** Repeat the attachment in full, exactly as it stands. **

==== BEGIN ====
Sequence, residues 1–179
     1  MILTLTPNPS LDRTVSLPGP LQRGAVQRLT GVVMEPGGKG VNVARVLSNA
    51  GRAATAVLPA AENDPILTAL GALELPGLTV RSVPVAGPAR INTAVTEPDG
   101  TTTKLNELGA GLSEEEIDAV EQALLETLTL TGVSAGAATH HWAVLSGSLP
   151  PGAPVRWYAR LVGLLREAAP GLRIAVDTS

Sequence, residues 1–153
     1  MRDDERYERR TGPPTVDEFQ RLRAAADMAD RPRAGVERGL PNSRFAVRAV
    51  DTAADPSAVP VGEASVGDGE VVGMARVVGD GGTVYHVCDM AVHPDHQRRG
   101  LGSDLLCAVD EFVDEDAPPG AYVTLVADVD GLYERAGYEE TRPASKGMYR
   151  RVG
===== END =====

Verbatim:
Sequence, residues 1–179
     1  MILTLTPNPS LDRTVSLPGP LQRGAVQRLT GVVMEPGGKG VNVARVLSNA
    51  GRAATAVLPA AENDPILTAL GALELPGLTV RSVPVAGPAR INTAVTEPDG
   101  TTTKLNELGA GLSEEEIDAV EQALLETLTL TGVSAGAATH HWAVLSGSLP
   151  PGAPVRWYAR LVGLLREAAP GLRIAVDTS

Sequence, residues 1–153
     1  MRDDERYERR TGPPTVDEFQ RLRAAADMAD RPRAGVERGL PNSRFAVRAV
    51  DTAADPSAVP VGEASVGDGE VVGMARVVGD GGTVYHVCDM AVHPDHQRRG
   101  LGSDLLCAVD EFVDEDAPPG AYVTLVADVD GLYERAGYEE TRPASKGMYR
   151  RVG